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Preventive diplomacy is key to peace

By | August 27th 2010

By Ban Ki-moon

The former UN Secretary-General, Dag Hammarskjˆld first coined the term "preventive diplomacy".

Since his time, the Good Offices of successive secretaries-general have helped in the peaceful resolution of inter-state wars, civil conflicts, electoral disputes, border disputes, questions of autonomy and independence and a range of other problems.

In today’s fluid geopolitical landscape, we have new challenges to address. Preventive diplomacy must evolve to deal with increasingly complex civil wars, organised crime and drug trafficking, and other transnational threats.

In recent years we have witnessed the very welcome emergence of stronger policy frameworks in favour of conflict prevention, particularly in Africa, with a growing capacity for operational response.

peace processes

Preventive diplomacy today is being conducted by a broader array of actors, using a wider range of tools, than ever before. This makes it possible to consider multifaceted preventive strategies of a kind that were previously not an option.

Over the past three years, we have sought to strengthen the Department of Political Affairs so that it is capable of effectively carrying out its lead role in this area. In the last year alone, the United Nations has supported, often in partnership with others, more than 20 peace processes, and responded to many more disputes that did not reach that level.

We have improved our response capacity at UN Headquarters; we have regional diplomacy and peacemaking offices on the ground; we cooperate more effectively within the UN system and with regional and sub-regional organisations.

With the support of member states, we are continuing to professionalise our mediation support capacity, which is seen as an increasingly valuable resource within the UN system and by our partners.

We have also attempted to develop new tools, including the use of investigative mandates to help defuse tensions in judicial cases with political implications.

We are helping national authorities to build their capacity for dispute resolution, in addition to development programmes that can help address some of the structural causes of conflict.

And most Security Council-mandated missions today include an important mediatory role, typically carried out by the Head of Mission, in recognition of the fact that the need for diplomacy persists throughout the conflict cycle.

All of this holds promise for our preventive diplomacy in Africa. We see a need to focus in particular on four fronts: First, we must continue to strengthen our partnerships. Successful peace processes require the contributions of a range of actors, at both the regional and international levels.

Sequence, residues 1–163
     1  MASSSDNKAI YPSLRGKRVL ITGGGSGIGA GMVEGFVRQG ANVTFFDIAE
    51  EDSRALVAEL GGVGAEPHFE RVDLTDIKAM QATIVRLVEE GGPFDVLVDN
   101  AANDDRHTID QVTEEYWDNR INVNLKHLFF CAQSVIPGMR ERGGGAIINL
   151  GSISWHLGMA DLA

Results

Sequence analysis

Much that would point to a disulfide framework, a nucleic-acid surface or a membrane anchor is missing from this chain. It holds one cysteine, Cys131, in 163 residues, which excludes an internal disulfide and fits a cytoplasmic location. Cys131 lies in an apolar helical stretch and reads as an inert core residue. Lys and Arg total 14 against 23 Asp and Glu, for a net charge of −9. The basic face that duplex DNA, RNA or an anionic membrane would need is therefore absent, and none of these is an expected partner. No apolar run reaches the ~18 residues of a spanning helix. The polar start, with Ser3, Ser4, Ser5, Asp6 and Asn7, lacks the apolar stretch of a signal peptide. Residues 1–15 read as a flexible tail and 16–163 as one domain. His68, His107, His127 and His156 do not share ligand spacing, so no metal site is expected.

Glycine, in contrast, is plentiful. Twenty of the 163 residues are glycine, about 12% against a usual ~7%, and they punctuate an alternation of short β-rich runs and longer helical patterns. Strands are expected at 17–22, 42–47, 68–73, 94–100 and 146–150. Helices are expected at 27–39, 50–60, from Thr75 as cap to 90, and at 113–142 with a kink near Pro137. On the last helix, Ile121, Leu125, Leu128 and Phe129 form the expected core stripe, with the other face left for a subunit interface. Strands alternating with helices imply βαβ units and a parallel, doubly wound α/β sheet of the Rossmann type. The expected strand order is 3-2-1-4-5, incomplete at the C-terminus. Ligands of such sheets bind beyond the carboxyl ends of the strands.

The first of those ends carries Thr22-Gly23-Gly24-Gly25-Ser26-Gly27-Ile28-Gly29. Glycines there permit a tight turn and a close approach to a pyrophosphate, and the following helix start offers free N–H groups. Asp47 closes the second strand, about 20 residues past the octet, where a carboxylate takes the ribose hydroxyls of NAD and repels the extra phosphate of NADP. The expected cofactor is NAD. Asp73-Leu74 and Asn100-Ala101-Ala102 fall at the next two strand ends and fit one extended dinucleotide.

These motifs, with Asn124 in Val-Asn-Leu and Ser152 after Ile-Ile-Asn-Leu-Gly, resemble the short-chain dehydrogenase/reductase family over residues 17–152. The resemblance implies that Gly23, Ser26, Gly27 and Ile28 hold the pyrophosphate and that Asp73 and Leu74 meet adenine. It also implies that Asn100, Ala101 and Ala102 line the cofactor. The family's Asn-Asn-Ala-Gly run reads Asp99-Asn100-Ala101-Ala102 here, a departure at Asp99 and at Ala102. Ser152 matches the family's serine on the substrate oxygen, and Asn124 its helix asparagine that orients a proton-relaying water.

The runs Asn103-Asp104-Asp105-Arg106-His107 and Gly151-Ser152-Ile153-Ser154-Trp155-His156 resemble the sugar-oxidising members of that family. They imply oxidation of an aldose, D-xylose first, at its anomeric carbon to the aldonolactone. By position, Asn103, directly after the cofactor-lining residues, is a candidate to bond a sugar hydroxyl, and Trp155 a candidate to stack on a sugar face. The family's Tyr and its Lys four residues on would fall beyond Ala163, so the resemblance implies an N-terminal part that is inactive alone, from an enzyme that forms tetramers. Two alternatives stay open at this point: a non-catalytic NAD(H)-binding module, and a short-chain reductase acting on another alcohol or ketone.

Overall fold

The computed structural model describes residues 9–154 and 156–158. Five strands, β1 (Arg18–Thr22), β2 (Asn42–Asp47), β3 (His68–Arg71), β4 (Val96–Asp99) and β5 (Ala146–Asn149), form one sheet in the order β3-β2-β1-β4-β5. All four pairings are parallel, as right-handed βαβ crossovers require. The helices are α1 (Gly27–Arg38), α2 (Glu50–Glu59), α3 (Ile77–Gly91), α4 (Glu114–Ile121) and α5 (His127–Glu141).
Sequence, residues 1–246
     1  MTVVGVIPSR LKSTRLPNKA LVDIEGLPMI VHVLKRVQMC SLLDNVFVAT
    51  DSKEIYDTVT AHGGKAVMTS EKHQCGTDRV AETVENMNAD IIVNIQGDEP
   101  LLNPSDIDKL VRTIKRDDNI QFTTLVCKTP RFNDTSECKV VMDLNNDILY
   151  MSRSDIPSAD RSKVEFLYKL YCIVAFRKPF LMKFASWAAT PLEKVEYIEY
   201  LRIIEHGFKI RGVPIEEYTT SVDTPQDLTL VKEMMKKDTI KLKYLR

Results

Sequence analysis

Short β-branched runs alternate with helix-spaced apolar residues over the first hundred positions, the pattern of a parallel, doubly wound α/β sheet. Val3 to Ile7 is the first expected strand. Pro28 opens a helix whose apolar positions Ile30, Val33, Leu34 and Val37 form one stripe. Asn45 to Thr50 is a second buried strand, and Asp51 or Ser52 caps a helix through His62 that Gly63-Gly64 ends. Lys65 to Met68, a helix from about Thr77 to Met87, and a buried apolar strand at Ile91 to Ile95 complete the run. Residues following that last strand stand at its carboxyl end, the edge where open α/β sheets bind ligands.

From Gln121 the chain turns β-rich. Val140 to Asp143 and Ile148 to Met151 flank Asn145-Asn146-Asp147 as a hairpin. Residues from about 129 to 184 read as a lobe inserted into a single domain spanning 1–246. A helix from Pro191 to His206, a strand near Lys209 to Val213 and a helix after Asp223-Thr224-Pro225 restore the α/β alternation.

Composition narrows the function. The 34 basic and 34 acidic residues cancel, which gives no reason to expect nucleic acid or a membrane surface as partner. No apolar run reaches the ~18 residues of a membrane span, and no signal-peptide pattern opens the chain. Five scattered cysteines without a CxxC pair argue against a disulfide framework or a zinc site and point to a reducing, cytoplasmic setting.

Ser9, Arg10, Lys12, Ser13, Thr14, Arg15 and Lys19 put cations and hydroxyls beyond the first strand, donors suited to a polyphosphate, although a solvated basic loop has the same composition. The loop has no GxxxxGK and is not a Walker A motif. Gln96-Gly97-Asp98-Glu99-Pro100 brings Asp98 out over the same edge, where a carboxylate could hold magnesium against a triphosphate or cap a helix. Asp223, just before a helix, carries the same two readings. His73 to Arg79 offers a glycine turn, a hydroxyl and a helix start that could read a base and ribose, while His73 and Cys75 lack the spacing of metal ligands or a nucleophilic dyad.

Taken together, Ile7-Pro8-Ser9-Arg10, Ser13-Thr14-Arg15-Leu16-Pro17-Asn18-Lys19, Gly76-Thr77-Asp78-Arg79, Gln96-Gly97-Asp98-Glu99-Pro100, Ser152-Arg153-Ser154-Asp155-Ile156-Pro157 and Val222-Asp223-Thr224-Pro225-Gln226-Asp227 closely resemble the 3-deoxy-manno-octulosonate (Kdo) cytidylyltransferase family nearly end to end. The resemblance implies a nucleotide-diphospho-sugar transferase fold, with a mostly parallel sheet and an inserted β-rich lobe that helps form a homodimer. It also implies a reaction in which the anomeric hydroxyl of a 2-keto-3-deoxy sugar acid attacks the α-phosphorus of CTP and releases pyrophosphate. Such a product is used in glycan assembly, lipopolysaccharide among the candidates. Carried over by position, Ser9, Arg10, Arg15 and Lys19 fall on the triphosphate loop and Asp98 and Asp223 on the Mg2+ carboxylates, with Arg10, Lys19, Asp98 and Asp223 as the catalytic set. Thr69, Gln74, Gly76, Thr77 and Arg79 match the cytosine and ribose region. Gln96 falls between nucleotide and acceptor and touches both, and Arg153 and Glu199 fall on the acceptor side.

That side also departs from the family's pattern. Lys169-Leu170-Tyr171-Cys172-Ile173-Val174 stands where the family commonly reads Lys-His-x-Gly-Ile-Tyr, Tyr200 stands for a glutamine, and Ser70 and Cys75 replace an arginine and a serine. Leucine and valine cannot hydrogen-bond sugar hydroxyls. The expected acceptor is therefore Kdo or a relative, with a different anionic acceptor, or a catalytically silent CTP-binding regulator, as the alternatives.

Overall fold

Our Dakar-based West Africa office has forged innovative working relations with the African Union and Ecowas to address political crises throughout the sub-region, a model that could usefully be replicated elsewhere.

Other noteworthy developments include the increasing use of international contact groups and elders structures.

Recent engagements in Guinea, Niger, the Comoros and Kenya have shown what we can achieve through partnerships that yield a combination of influence, impartiality, capacity and capability.

Second, we must be prepared to persuade. Effective preventive action depends critically on the will of the parties to the conflict.

The better we understand motives, calculations, and incentives to use violence, the better we can target our response.

We must be willing to use all available leverage to persuade the key actors that it is in their own interest to accept diplomatic assistance to avert conflict. Neighbouring countries and sub-regional organisations, who are closest to event on the ground and may have unique influence, can be key allies here.

Third, the international community should continue to invest in prevention.

The global economic crisis has put new pressures on resources, and there is an overall trend towards doing more with less. Diplomatic approaches and responses, when successful, are highly cost-effective.

Fourth, we must do more to support and encourage the role of women in prevention.

Time and again, women in Africa and elsewhere have demonstrated a strong commitment to working to achieve sustainable peace.

Security Council Resolution 1325 reaffirmed the important role of women in the prevention and resolution of conflicts and in peacebuilding. Yet women are still underrepresented in the formal stages of conflict prevention. We can and must do better.

detect warnings

According to recent studies, 15 years’ worth of development aid to Africa has been effectively cancelled out by the cost of war on the continent.

The case for preventive diplomacy is compelling, on moral, political and financial grounds.

We have improved our ability to detect warning signs of impending crises, and have at our disposal a growing range of tools and instruments to address them.

We must now set our sights on building our capacity for international preventive diplomacy, so that when called upon, we can respond reliably and promptly.

We must now set our sights on building an international preventive diplomacy capacity that can respond reliably and promptly when asked to do so.


The writer is the UN Secretary General

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